Why wouldn't all the galaxy's rotate. Who says the big bang was an outward force, why couldn't it have been a circular vortex of expanding energy instead of a straight line acceleration away from a point.  A circular vortex from a higher energy state into a void may have been needed to pierce and define our space.  This would have made the galaxy's all swirl in the same direction.  Science is suppose to theorize about what you observe, so if the theory doesn't fit with what you observe, then your theory isn't describing what you observe.

Read Einstein a few years back, but I'm not sure I understood everything.

npnw

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Re: A Quack theory on Dark Matter
« Reply #54 on: April 26, 2016, 02:20:54 PM »
forgot to ask about gamma radiation from back holes. If matter is compressed and turned into pure energy, would gamma radiation account for the loss in mass?

Also if space time is curved due to mass. Then if light is traveling away and defining the border, limited mass on the edges of space, more mass and BH's where mass is recompressed to energy and returned to higher energy space, would this account for the discrepancies we have in our space time continuum.

If the universe was instead of a 2d surface in a 3D where matter from the 3d fell to the 2d, what if it was created by the mass slowing down creating a pocket which would seem still in the 3d world. Yet as with all chemical reactions there are different rates of energy.  In some instances such as BH, the energy can spring back into the higher realm. When all mass is converted back to pure energy the BH produce Gamma? radiation,  a high pulse of energy. Would this be matter converting back to a higher state? Crossing the event horizon. 

Is there an exponential loss of energy as the universe expands in diameter, and or loss of thermal ???

As we observe the edge of the universe as those initial light particles or energy expand, if they show the first tick of the clock,  is the reason we can't see anything because there is no defined universe to see?

I'm tired now.


npnw

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Re: A Quack theory on Dark Matter
« Reply #55 on: April 26, 2016, 04:12:46 PM »
Can't sleep now.   sigh...  if the universe is made of energy and mass. Okay we agree on that. Then when the universe was first created was time different because the particles of light(??) were densely packed. Therefore moving past a particle of light required less movement, therefore time was faster than it is now.  At the outer edges of the universe as matter and energy travel farther away from the point of origin.  Does time lessen because the density of matter that defines this universe, and our relativity of space as defined by einstein changed because there is more space between the defining particles of light or energy at his location?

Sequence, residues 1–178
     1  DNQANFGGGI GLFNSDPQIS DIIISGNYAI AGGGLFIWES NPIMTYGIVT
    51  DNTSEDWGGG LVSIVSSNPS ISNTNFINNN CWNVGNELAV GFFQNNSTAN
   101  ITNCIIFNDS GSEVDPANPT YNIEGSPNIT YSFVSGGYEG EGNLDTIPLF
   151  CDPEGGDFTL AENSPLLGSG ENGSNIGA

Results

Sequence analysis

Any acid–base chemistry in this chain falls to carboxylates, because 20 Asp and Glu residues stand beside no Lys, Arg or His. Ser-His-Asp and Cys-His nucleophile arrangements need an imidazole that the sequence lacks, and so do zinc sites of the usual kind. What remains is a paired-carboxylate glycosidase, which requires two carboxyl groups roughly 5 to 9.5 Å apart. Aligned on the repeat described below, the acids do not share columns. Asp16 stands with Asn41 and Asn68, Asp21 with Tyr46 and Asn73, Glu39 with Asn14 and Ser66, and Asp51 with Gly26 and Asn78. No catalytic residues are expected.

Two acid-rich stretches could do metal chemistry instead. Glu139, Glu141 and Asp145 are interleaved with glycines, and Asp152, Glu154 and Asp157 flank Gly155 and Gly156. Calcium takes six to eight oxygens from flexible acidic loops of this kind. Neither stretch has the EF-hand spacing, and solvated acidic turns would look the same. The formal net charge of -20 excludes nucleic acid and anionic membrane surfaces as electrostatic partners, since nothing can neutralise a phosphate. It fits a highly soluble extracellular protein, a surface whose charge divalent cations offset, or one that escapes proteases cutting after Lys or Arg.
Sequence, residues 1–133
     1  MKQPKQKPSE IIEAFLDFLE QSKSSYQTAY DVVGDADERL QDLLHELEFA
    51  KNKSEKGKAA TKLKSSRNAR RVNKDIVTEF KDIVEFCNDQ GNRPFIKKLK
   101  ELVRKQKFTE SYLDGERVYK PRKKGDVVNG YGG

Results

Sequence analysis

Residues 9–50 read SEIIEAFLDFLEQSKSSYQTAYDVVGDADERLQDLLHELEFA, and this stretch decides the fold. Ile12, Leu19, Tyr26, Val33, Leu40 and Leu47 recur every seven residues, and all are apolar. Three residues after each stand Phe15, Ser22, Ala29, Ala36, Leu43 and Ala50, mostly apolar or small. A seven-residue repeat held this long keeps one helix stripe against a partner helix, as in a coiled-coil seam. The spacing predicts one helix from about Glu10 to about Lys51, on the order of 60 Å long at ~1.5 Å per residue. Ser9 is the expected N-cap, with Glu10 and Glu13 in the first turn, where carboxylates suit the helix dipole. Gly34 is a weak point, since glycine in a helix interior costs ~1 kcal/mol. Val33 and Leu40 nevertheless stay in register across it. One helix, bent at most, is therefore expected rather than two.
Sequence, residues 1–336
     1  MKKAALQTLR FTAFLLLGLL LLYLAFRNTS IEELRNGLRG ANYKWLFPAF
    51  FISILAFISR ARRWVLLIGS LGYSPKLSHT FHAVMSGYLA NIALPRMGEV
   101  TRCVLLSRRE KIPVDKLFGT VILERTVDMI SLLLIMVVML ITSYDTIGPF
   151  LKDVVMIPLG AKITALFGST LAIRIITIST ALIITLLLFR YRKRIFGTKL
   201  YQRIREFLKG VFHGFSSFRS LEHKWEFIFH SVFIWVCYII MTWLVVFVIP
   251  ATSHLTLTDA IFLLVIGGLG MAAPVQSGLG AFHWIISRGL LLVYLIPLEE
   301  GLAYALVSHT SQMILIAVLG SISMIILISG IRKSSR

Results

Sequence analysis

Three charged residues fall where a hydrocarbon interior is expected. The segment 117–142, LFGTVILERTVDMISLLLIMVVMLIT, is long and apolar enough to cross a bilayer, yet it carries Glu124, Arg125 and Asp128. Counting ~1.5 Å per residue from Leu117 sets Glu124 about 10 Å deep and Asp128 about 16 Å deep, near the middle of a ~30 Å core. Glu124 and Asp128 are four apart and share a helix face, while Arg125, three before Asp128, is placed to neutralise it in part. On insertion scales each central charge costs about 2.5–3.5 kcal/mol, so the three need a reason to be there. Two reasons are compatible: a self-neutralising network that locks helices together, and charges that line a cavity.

Would the loss of energy in the universe be like heat transfer of a water molecule where it evaporates and changes energy state which we cannot discern being 2D beings in a 3D world.  Do the other water molecules discern water vapor or steam?

Didn't they do a study on the background radiation, and postulate that due to the frequency the universe was xx billion years old? They tried to use a thermal view of the universe?


FORTRANS

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Re: A Quack theory on Dark Matter
« Reply #56 on: April 26, 2016, 11:37:39 PM »
Hi,

Didn't they do a study on the background radiation, and postulate that due to the frequency the universe was xx billion years old? They tried to use a thermal view of the universe?

   Yes.  Search on COBE, WMAP, and Planck studies.  They determined
the temperature of the Cosmic Microwave Background (CMB) Radiation.
From that measurement WMAP said about 13.7 billion years, Planck
(newer) said 13.8.  The universe is expanding, therefor cooling.  One
makes some assumptions about the initial temperature and Hubble
Constant, and then given the present temperature the age can be
calculated.

Cheers,

Steve N.

rrr314159

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Re: A Quack theory on Dark Matter
« Reply #57 on: April 30, 2016, 02:16:15 AM »
xanatose: Assuming of course this that we call reality is not just a big video game simulation ...